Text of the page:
Ultimately again, it’s going to be the parent’s responsibility. Part of being a good parent is teaching your children to be responsible for their actions. If my child destroys your laptop, whether by accident or on purpose, then of course I’m going to pay for it. Depending on how old my child is at the time, he may be contributing towards this expense (from allowance, odd jobs, etc.).

If my son or daughter are at your house acting like animals, then by all means reprimand them. Give them a time out. And please tell me, so I know how they are behaving.

If we’re out in public, and either one is misbehaving, and I am unaware of it, please tell me. I’m happy to tend to the situation. My son doesn’t talk to strangers, so he’ll probably ignore you if you reprimand him. If an apology is in order, I’ll be sure you get one.

As for other kids in our house, house rules apply. No screaming like maniacs indoors, no throwing stuff, etc. If your child is over, he’ll be told the rules. If he can’t handle it, chances are we’ll be busy when you want to bring him or her over to play. Ironically enough, the boy next door to us is an absolute terror, and refuses to listen to his mother who is pretty immune to the whole situation (“Oh well. Whatever.”). The only time he behaves is when he’s come over to play and my wife’s in charge. Then he’s an angel. Usually…

I have to say, as annoyed as I might get, I’m definitely the kind of person who’d do the “Oh, no, it’s ok” thing that tatertot mentions. In fact, tater (if I may call you tater :slight_smile: ), I almost used that response as a possible option in my list of “appropriate or not” ways to handle things like this. I tend to assume that if a kid is really kicking into Wild and Crazy mode, his or her parents are probably reaching the end of their ropes as well. It would be really hard for me, in the case of the hypothetical laptop, to walk up to you and say, “Your child just damaged my computer, please give me your name and addres so I can send you the repair bill.”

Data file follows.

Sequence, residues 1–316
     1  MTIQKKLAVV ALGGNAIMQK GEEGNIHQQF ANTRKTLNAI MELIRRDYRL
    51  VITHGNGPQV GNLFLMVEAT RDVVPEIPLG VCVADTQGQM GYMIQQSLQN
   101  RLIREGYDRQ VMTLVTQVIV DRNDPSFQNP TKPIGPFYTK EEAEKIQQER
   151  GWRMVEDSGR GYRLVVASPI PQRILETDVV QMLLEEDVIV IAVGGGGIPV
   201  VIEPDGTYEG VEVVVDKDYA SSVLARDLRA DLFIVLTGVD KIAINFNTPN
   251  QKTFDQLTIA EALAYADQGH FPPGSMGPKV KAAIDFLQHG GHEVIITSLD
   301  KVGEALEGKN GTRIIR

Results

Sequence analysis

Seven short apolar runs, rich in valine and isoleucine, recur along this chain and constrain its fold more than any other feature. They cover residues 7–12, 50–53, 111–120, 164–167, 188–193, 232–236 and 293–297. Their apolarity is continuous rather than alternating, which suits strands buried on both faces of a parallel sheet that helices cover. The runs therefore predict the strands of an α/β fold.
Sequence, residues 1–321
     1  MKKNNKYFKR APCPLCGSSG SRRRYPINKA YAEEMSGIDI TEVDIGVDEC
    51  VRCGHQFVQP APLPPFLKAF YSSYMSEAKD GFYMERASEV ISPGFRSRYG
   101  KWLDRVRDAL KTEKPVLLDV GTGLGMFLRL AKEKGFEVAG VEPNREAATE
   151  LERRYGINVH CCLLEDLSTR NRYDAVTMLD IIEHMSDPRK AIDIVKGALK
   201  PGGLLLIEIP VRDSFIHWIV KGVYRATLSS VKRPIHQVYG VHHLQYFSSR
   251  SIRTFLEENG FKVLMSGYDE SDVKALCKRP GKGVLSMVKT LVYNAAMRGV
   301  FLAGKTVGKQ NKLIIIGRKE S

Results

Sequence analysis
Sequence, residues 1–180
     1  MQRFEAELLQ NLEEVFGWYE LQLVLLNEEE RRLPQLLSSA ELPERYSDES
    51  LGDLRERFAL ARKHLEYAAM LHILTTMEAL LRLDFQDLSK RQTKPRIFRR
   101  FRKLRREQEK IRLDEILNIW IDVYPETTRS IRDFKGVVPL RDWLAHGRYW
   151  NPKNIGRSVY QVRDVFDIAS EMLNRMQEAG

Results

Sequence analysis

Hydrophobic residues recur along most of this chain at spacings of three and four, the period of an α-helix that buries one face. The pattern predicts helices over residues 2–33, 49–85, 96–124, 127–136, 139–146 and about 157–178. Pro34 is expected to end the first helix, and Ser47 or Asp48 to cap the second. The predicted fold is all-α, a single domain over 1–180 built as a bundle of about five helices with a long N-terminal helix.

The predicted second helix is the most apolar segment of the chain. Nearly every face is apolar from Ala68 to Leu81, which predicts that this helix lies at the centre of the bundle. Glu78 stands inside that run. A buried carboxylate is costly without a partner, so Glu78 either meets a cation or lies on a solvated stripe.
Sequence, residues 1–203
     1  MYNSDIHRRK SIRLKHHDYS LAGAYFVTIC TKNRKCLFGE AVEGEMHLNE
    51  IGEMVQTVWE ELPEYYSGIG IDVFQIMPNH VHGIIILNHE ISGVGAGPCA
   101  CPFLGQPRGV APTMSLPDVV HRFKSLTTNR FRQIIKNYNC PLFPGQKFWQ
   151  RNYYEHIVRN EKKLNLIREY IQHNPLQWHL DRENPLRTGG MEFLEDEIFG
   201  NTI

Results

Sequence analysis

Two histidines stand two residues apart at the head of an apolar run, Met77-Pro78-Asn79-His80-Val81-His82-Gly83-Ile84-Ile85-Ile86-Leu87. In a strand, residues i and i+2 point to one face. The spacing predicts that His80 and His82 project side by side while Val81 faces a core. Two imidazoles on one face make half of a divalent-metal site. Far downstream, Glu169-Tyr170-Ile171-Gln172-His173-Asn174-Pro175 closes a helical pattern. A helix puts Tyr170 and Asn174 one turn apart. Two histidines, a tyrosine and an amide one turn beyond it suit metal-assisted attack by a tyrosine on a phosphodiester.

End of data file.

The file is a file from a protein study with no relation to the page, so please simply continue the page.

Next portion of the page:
Frankly, though as I said I don’t have kids, I can imagine how hard it would be to be on the receiving end of the request.

I have no problem whatever with anyone who sees my kids misbehaving speaking up to correct them. I’d hope that they would do so in a productive manner, focusing on the inappropriate behavior and its consequences, but I don’t expect random strangers to be parenting experts. Even if the offended party were to rant and rave and berate my kids, I don’t think I’d be able to blame them; it might not make me like them, but being a good parent to my kids is my job, not theirs.

Fortunately, I haven’t had to deal yet with a situation where my kids damaged someone else’s property (well, except for the wedding rehearsal dinner recently when my son, the ringbearer, threw up all over himself and the chair he was in; right or wrong, I sort of regard a mess of that sort on a hotel ballroom chair as an expected hazard and part of the ordinary run of business for the hotel). If it happens, I will insist on paying for repair or replacement.

I try very hard to keep an eye on what my kids are doing, but there are times when I don’t notice one of them doing something wrong. I truly appreciate other adults telling me when that happens, and if I’m not handy, telling my kid to cut it out. It has also happened that my child is doing something that’s okay by our rules but that another adult assumes she’s not allowed to do. In that case, I take the position that if it’s bugging another adult, she should quit it.

Ultimately, it’s the parents’ responsibility to control and educate their children, but it sure does help if other adults care enough to help them define what’s acceptable in society. That’s what the over-used and much-misunderstood “it takes a village” phrase is really all about.

Of course, if you can’t stand the little monsters, feel free to track me down and make me deal with it. That’s part and parcel of the whole parenting deal, and I’m the one who signed up for it. And of COURSE I’ll pay for repairs to your laptop (that’s what homeowner’s insurance is for).